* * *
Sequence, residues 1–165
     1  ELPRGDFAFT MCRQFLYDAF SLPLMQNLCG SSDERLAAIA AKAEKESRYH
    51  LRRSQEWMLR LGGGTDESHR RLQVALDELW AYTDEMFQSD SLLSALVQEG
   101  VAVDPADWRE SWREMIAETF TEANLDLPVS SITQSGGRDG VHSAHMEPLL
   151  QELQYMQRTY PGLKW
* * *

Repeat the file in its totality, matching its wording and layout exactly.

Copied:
Sequence, residues 1–165
     1  ELPRGDFAFT MCRQFLYDAF SLPLMQNLCG SSDERLAAIA AKAEKESRYH
    51  LRRSQEWMLR LGGGTDESHR RLQVALDELW AYTDEMFQSD SLLSALVQEG
   101  VAVDPADWRE SWREMIAETF TEANLDLPVS SITQSGGRDG VHSAHMEPLL
   151  QELQYMQRTY PGLKW